Ski socks. Or any tall, thick socks. They’ll make your boots feel more comfortable around your feet and on your calf where the boot presses into your leg.
Goggles or sunglasses? How about both? On a sunny day without a lot of wind, you’d be fine with sunglasses that wrap tightly around your face. I didn’t care for skiing with goggles because I felt like I had limited peripheral vision with them, but they were absolutely necessary when it was snowing hard like this…
25 Helpful Tips For First-Time Skiers
Gloves, the proper ski kind. This tip comes from my helpful instructor, Hans. He told me I could ski in a bikini if I wanted to, but to never take off my gloves. The edges of your skis are sharp, and he’s seen many fingers sliced right off in a fall. Thick ski gloves will help prevent that.
Regular gloves under your ski gloves. The ski gloves are big and bulky. When you’re not skiing, like say at lunch at the ski bar, you’ll want something covering your hands, but you’ll still want to be able to pick up your food. Regular gloves will come in handy!
Your helmet. Even if you’re skiing at a snail’s pace and you’re not leaving the bunny hill, someone else could be reckless and plow into you. Like your momma always said, ‘Better safe than sorry!’
25 Helpful Tips For First-Time Skiers
Sunscreen. Or a balaclava if it’ll be cold enough to wear one. You just need something to protect your skin from the sun that reflects off the snow. I saw a lot of sunburned faces in Alpbach!
On The Slopes
Try to get on the mountain early. The less crowded the slopes are, the more confident you’ll feel. Plus, if you look like an idiot, less people will be around to see it. :o)
25 Helpful Tips For First-Time Skiers
Always underestimate your abilities. You don’t want to get partway down a piste you can’t handle because there’s no going back after you get started. Stick with the beginner slopes until you’re confident enough to move on. No one’s judging you!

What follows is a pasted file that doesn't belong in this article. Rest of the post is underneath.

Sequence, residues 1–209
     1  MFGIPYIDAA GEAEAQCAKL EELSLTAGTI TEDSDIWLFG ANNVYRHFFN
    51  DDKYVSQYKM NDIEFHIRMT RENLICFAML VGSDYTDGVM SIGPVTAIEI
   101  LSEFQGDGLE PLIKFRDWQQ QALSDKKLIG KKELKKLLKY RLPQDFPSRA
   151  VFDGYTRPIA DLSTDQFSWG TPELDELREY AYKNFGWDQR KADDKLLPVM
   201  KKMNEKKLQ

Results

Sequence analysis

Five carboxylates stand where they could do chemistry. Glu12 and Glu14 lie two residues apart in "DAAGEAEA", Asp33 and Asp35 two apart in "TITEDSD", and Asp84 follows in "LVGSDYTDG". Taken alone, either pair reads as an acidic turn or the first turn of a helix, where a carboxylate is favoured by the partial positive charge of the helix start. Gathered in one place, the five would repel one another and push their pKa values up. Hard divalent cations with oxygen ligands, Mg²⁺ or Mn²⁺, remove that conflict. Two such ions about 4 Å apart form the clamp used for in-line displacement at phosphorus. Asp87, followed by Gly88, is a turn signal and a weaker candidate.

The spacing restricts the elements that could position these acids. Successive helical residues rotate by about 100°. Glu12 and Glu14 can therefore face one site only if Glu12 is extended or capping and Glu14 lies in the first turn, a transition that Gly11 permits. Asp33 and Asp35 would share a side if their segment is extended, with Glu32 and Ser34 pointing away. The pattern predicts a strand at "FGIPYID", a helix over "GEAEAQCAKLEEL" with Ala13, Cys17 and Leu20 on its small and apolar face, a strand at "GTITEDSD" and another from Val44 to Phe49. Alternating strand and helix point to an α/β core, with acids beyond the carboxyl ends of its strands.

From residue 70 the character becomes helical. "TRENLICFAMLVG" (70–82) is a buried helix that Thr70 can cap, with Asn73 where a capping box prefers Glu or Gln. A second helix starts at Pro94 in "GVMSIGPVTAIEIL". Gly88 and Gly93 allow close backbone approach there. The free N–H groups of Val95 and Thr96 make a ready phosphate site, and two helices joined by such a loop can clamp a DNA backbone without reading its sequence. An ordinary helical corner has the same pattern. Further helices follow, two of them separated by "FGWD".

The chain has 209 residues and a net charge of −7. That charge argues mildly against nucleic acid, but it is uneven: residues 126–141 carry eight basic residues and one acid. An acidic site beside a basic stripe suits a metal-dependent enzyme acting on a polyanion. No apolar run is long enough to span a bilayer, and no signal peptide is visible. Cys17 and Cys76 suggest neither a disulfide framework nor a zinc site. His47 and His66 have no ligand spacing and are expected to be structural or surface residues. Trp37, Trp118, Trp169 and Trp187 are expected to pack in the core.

Never go off on your own. I know you’re smarter than that, but I still needed to mention it. Always have at least one other person with you, just in case.
Know your signage. In Europe, greens are for beginners, blues are for novices, red are for intermediates, and blacks are for experts. In North America, it’s slightly different and also incorporates shapes. The point is, know how to read the signs.
Bring a backpack. You may need to shed layers, and you’ll need somewhere to keep them. It’s also smart to bring a few snacks – skiing burns a lot of calories! Alternatively, if you don’t want the bother of extra weight, you could rent a locker, if available, from the ski station.
Bring a map. For two reasons – first, you won’t get lost. Second, knock on wood, if you do have an accident, you’ll be able to mark where you are on the map and whoever you’re skiing with can take the map to the nearest ski patrol. They’ll have an easier time finding you if they know your exact location.
Stay hydrated. We were so thirsty all the time! I think skiing makes me more dehydrated than running does. Bring a couple water bottles in your backpack and then you can keep filling them up at the ski stations or restaurants.
And a bonus 26th tip…Have fun, and don’t give up. You’re going to fall down. You’re going to do it in front of other people. And then you’re going to stand up and laugh it off. Don’t take yourself too seriously. Everyone you see skiing on the slopes started just like you did. You will get better!
25 Helpful Tips For First-Time Skiers
If you’re nerdy like me, when you fall down you can use the opportunity to take a selfie. Although, if I’m not aimlessly looking off into the distance or raising a sassy eyebrow, does it really count as a selfie?
source: http://www.thewanderblogger.com/2014/03/25-helpful-tips-for-first-time-skiers.html?utm_source=feedburner&utm_medium=feed&utm_campaign=Feed:+thewanderblogger+(The+Wanderblogger)